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Arthritis: What You See…

Posted by Filed Under: Health & Fitness

…isn’t always what you’ve got.
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One of the more involved discussions that I have with patients is going over what their x-ray or MRI findings mean, especially when the radiologist mentions arthritis. For runners, this is a bit of a hot button topic because of the myth that running causes arthritis. I cannot begin to count the number of people who’ve told me that my running is going to give me arthritis in the knees, back, hips or whatever other joint they can name. To my knowledge, there has never been any credible research that points to any such trend. In fact, it appears that quite the opposite effect occurs—running seems to reduce the incidence of arthritis. But, let’s discuss what happens when we do find arthritis from our imaging studies.

Seeing words such as spondylosis, enthesopathy and impingement on x-ray reports tends to set off alarm bells in most people. However, this is simply the language used by radiologists to describe what they see. It does not tell us what the patient will actually present with. In a nutshell, what you see on imaging may in fact have little or no correlation to your symptoms.

It is possible to see very severe arthritis on x-rays and yet the patient will have little or no symptoms. Conversely, few arthritic findings can be quite debilitating for some people. The key to interpreting what your x-ray/imaging findings mean to you is called “clinical correlation”.

Clinical correlation is finding agreement between the imaging and the patient’s presentation. In many cases, we find arthritis incidentally when we are looking for other things such as pathology or trauma. The arthritis is present, but does not produce any symptoms for the patient. In these situations, the arthritic change is clinically insignificant.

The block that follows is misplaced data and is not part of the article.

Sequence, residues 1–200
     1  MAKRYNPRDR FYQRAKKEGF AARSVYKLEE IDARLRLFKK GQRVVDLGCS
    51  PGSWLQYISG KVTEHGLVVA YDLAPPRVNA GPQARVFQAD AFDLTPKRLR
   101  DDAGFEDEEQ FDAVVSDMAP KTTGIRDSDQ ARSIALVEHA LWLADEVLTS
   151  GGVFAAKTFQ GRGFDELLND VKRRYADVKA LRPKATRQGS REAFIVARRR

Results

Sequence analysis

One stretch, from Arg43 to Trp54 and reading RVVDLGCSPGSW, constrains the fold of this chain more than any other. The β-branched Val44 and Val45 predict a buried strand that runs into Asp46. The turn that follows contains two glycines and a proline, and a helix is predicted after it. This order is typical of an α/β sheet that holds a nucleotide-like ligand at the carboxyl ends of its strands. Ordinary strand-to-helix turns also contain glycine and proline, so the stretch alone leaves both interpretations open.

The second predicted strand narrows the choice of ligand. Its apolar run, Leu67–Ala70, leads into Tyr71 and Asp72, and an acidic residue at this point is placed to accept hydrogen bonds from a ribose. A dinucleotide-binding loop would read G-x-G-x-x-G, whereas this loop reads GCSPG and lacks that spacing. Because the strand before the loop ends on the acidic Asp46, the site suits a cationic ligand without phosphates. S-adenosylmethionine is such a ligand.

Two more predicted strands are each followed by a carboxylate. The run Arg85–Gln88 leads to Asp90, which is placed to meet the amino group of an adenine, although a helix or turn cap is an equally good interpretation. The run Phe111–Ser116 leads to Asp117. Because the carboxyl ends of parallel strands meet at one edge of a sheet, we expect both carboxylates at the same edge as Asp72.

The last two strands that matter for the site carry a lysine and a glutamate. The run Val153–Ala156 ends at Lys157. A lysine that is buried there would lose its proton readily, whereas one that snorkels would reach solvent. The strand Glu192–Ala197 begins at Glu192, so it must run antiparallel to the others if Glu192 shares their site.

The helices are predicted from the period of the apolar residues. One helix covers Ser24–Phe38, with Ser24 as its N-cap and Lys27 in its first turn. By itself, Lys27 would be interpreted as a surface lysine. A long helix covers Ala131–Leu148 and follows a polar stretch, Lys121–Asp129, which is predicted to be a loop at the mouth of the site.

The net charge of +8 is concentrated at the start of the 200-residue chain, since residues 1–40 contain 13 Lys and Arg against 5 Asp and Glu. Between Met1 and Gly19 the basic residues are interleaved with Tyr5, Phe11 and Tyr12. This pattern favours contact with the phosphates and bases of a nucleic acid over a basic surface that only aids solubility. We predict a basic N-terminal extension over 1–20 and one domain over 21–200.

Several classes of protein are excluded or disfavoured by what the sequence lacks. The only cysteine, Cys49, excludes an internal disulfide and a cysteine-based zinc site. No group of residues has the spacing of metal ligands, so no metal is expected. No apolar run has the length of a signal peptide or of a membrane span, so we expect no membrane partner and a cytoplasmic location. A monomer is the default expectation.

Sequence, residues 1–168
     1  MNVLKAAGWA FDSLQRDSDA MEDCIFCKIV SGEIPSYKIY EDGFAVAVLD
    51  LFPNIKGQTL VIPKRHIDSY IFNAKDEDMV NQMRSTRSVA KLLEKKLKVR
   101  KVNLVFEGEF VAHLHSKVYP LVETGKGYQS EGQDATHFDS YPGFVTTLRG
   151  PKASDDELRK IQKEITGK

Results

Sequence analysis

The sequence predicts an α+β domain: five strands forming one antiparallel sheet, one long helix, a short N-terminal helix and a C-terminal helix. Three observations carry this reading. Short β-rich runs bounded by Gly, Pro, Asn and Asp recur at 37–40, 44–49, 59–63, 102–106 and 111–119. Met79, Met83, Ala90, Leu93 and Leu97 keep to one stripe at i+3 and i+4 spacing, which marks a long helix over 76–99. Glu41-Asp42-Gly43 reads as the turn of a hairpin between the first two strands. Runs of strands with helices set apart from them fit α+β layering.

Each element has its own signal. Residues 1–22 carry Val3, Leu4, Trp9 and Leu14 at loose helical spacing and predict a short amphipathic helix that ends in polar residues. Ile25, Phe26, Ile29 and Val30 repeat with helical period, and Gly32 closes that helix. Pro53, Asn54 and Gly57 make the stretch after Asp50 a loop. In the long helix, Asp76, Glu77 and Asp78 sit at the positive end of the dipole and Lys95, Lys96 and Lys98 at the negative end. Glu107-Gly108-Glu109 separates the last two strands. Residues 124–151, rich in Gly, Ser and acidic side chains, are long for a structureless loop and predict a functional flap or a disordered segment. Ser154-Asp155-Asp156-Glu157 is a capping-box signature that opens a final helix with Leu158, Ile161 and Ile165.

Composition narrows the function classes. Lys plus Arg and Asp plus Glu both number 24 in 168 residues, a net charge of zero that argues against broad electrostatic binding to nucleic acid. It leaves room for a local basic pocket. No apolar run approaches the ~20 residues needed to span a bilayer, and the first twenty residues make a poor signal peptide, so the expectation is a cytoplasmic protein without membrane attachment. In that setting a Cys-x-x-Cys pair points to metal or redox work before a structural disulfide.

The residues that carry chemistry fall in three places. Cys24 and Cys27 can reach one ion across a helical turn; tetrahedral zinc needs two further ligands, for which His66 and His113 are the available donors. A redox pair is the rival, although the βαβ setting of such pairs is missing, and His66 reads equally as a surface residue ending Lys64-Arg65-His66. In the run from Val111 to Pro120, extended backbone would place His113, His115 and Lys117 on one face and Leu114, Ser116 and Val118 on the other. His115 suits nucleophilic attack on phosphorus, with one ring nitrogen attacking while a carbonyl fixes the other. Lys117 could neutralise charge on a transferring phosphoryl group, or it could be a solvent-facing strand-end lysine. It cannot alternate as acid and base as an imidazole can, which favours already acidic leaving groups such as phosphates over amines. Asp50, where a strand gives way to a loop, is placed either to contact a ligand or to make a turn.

In other cases, where the patient has symptoms of arthritis such as stiffness, deformity, or crepitus (grating or grinding joint sounds) there can be good clinical correlation with the imaging.

The point I want to make is that I have come across patients with no arthritis symptoms who feel that they are somehow “damaged goods” because they have been told they have arthritis. In many of these cases, there was little or no clinical correlation nor explanation to the patient as to the significance of the arthritis. The result was a lot of these people discontinued physical activities for no good reason and they lost fitness, muscle tone and strength.

The irony is that treatment of arthritis focuses on the preservation of movement, strengthening muscles in the affected areas and activity to tolerance. We may modify our activity so as not to aggravate an arthritic joint, but rarely is activity discouraged. Symptomatic arthritis is managed and the patients are encouraged to be part of the solution by actively participating in their own care.

For those of you who have had x-rays or other imaging that show you have arthritis but you do not have symptoms- carry on. What you see isn’t necessarily what you’ve got!

About Lee Miller D.C.

9536 - 87 Street Edmonton, Alberta T6C 3J1 Phone: (780) 426-6777 Fax: (780) 469-6930



8 Comments
  1. Juls on November 26th at 11:29 am

    I wonder if you could delve into this topic where a bulged disc is involved. In my friend’s case, I believe it is at the L5-S1 level and has been causing a stream of sciatic pain issues. He just received a cortisone injection and has yet to reap the benefits from it. His current plan is to give up running and focus on cycling. Yet, I wonder if the hunched over position from cycling would be better or worse for this ailment.